Everyone in the MotoGP paddock and anyone that watches Moto3 knows that the category has a safety problem that urgently needs fixing.
Most Moto3 races are characterised by huge lead packs of marauding riders battling back and forth, swapping positions at every corner and drafting like crazy on the straights.
This kind of racing is excellent entertainment, but it carries with it real dangers, as sadly proved by the deaths of Jason Dupasquier during qualifying for May’s Italian GP and Hugo Millán during a recent European Talent Cup race. Both riders fell within a group and were struck by following riders.
Even some senior figures within MotoGP Race Control, who are responsible for the safety of riders, describe these races as “nigh-on unwatchable” because of the ever-present threat of serious accidents.
Other senior staff in MotoGP insist that these problems are caused by the behaviour of riders and their teams, but surely the riders and teams only behave like this because the way the motorcycles work forces them to work and ride in this way?
So how to fix the problem?
There are two main issues to consider. Firstly, the fact that the technical regulations are written to guarantee equal performance between every motorcycle on the grid. Obviously, this creates close racing.
Less obvious is the cause of the huge slipstreaming battles that are one of the main reasons that riders cannot escape from each other. Reducing the slipstream effect would be one step towards improving Moto3 safety.
Former 250cc, 500cc and MotoGP rider Jurgen van den Goorbergh believes he has the answer to the drafting conundrum.
The 51-year-old Dutchman retired from MotoGP following the 2005 season and now mentors 15-year-old son Zonta in the Moto3 junior world championship and the CIV Moto3 series.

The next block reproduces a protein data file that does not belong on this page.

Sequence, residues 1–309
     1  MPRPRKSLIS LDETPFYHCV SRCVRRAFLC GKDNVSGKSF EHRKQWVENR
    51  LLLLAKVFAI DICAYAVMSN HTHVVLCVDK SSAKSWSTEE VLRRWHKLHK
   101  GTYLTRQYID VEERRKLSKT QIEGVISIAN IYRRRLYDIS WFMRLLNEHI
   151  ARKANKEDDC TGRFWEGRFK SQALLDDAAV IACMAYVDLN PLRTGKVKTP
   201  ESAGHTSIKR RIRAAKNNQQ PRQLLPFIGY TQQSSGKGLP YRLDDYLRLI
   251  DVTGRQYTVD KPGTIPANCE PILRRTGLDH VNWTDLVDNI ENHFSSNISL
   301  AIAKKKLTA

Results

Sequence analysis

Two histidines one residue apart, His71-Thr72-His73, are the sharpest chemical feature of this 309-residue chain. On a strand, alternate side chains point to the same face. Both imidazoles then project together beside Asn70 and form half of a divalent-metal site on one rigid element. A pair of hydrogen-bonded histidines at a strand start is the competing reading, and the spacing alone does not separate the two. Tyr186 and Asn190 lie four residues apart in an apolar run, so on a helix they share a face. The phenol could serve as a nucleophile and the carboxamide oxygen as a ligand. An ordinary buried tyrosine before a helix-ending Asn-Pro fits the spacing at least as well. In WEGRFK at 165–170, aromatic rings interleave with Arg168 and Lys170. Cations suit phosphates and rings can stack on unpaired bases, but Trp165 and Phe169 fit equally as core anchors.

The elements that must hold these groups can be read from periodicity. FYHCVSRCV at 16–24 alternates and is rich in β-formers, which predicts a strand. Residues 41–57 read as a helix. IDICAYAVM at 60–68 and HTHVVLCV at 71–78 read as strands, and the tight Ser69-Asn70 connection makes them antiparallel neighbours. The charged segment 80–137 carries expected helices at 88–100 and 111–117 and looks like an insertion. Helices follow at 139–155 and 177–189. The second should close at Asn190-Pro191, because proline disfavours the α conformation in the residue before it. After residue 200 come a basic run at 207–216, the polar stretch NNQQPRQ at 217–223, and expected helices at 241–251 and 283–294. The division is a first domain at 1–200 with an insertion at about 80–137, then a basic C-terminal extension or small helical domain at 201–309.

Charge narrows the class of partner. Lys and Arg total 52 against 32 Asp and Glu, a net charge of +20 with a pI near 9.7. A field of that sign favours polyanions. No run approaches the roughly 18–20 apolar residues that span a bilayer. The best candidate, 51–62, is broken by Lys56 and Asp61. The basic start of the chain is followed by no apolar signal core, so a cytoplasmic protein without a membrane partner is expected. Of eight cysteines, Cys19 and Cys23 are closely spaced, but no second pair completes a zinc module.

He has studied the Moto3 problem carefully and sees a simple solution.
The issue regards the spacing of the upper gears in the six-speed gearbox of a Moto3 bike, which makes slipstreaming absolutely vital for good lap times in practice, qualifying and the race.
Gear ratios should be spaced out like a pyramid, with the speed gap between each ratio reducing as you go through the gears, as the engine’s effective torque reduces.
Therefore an ideal gearbox in a Moto3 bike might go something like this: the gap between first and second could be 20mph/32kmh, then 15mph/25kmh from second to third, 13mph/21kmh from third to fourth, 10mph/16kmh from fourth to fifth and from fifth to sixth.
But this isn’t what happens in Moto3 grands prix and therein lies the problem.
“What happens now in Moto3 is that teams create a gearbox in which the first four gears are made for the corners,” says van den Goorbergh. “They adjust those ratios very carefully to be really good thought the corners, but fifth and especially sixth are usually very different.
“At Barcelona, for example, the riders use fifth twice, once on the back straight and once on the start/finish, before they shift to sixth. The fifth gear may be OK, but then they need a sixth gear for slipstreaming on the long straight, so they do this by making sixth really tall.
“Sometimes the gap they have between fifth and sixth can be as big as 35kmh (24mph), so when they shift from fifth to sixth on the start/finish the rpm drops and nothing happens. This is if they are alone, but if they are in another rider’s slipstream they can use this high gear and make more top speed.